Novartis Ilaris Drug Now Allowed To Treat Childhood Arthritis By FDA
The FDA has approved Ilaris for the treatment of active systemic juvenile idiopathic arthritis (SJIA) in children aged between 2 and 19 years.
Ilaris is currently used to treat adults and children as young as four years suffering from cryopyrin-associated periodic syndrome, in over 60 countries. Cryopyrin-associated periodic syndrome is a rare lifelong auto-inflammatory genetic disorder that raises the production of the inflammatory cytokine interleukin-1 beta, in the body.
While only about 7,000 people worldwide have the cryopyrin-associated periodic syndrome, SJIA affects five to 15 children per 100,000 in the United States, and is the most severe subtype of juvenile idiopathic arthritis. Patients afflicted with the disease manifest spiking fever, rash and arthritis and debilitating symptoms, including joint destruction and growth retardation, with serious developmental and psychological consequences. The treatment options are limited: prolonged use of corticosteroids to treat symptoms and pain is fraught with potentially serious adverse effects, including Cushing syndrome, growth suppression and osteoporosis.
"In the U.S., this approval marks the second Ilaris indication for patients living with rare, auto-inflammatory conditions," says Timothy Wright, global head of development for Novartis Pharmaceuticals in a news report online.
"This approval was based on two Phase III trials in SJIA patients, aged 2-19, showing significant improvement in the majority of Ilaris-treated patients," according to the Novartis press release. Ilaris is a fully human, monoclonal antibody that blocks the protein called interleukin-1beta (IL-1 beta). IL-1 beta is an important part of the body's immune system defenses. Ilaris neutralizes IL-1 beta and thereby inhibits inflammation. The results from the first trial showed that by the end of Day 15, 84 percent of patients treated with one subcutaneous dose of Ilaris (4 mg/kg, up to 300 mg) achieved the desired goal of at least a 30 percent improvement in systemic and arthritic symptoms versus baseline, compared to 10 percent in those who were untreated. In the second trial, Ilaris treatment led to substantial reduction of corticosteroid usage among 62 percent of the 92 patients, and 46 percent completely discontinued corticosteroids. It also reduced the risk of flare for patients in a controlled category using the Ilaris therapy.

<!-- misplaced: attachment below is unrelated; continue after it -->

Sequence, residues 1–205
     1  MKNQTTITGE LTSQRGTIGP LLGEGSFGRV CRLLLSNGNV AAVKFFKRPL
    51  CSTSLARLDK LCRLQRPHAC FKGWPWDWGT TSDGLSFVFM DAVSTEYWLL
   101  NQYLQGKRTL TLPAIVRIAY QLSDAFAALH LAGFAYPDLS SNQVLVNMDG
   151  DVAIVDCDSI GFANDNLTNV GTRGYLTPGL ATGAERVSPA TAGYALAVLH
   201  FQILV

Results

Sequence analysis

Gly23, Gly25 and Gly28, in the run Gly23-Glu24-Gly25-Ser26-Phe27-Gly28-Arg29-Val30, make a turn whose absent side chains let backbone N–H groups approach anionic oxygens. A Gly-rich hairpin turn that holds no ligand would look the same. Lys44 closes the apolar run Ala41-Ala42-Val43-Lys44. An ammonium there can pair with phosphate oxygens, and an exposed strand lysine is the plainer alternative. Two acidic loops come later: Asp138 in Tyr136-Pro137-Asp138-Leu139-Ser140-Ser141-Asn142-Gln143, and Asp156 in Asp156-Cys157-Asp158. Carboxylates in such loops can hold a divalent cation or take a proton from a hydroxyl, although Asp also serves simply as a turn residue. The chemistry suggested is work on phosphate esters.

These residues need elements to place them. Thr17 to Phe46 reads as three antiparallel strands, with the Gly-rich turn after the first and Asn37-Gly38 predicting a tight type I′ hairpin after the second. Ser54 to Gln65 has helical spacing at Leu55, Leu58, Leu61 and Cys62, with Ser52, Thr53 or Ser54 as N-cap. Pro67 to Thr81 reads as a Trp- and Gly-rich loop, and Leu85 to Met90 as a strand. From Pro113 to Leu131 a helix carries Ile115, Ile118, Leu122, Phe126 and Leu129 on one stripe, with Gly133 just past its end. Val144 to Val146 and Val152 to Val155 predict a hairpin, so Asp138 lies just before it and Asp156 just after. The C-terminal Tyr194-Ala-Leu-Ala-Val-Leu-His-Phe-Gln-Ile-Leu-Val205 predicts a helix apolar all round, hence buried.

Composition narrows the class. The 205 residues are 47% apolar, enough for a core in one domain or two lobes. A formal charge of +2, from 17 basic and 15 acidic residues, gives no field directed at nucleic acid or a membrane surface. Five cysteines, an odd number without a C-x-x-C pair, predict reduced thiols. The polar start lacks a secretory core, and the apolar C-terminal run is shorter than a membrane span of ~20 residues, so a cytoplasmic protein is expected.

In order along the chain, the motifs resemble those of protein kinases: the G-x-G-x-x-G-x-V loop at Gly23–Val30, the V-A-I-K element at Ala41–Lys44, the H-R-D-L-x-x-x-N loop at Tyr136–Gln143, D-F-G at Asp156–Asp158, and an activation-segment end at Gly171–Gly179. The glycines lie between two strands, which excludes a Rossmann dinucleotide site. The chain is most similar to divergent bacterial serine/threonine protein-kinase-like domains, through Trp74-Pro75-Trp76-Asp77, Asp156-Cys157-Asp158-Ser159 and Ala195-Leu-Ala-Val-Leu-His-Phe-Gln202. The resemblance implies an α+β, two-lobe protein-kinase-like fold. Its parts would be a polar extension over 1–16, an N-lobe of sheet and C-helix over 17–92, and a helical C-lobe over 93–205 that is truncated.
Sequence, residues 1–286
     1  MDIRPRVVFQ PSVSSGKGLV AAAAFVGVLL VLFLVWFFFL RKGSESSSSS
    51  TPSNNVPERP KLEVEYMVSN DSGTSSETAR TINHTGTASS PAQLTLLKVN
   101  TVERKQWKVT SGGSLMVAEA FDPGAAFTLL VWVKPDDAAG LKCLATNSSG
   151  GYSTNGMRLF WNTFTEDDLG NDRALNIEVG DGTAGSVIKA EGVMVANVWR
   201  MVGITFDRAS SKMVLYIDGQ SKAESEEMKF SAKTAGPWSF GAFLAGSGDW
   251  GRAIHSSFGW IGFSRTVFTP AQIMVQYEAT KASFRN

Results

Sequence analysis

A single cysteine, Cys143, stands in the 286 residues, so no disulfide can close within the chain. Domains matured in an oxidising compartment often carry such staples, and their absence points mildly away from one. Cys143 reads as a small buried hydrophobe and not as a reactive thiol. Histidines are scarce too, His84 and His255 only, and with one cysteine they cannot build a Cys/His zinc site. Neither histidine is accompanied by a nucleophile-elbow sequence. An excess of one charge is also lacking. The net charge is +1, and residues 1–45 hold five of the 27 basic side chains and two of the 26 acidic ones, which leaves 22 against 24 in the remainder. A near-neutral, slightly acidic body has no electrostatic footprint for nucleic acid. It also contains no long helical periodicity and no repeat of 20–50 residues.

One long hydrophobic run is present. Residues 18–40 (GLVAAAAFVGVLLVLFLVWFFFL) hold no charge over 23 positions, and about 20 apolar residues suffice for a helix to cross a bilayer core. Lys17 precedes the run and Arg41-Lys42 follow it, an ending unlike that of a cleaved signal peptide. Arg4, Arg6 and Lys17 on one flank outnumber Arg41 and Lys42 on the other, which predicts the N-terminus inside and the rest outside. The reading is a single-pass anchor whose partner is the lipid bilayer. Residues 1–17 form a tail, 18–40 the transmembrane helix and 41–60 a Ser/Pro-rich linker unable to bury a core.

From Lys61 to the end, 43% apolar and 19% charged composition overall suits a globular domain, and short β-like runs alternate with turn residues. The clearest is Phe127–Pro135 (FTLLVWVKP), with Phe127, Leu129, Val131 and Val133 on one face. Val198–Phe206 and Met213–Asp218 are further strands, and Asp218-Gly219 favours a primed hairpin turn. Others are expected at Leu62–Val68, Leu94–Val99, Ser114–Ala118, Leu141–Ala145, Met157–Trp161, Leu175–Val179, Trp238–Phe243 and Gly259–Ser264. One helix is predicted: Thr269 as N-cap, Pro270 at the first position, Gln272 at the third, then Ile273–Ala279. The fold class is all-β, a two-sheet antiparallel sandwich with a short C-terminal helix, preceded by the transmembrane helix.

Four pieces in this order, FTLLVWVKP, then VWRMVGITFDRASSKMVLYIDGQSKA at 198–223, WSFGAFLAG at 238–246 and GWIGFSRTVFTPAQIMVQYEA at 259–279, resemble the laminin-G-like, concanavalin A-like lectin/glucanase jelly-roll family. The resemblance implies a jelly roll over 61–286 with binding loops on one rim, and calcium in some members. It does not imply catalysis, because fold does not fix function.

Indeed, the company is elated that the therapeutic goals of Ilaris were successfully achieved.
"We are committed to studying Ilaris in other IL-1 beta mediated inflammatory diseases, including several rare diseases for which treatment options do not currently exist," says Wright. Ilaris is currently being tested for a number of rare autoinflammatory conditions, including Tumor Necrosis Factor Receptor-Associated Periodic Syndrome (TRAPS), colchicine-resistant Familial Mediterranean Fever (FMF) and Hyper IgD Syndrome (HIDS). Given the results with SJIA, the manufacturer is confident that the drug will show benefit even for the other conditions.
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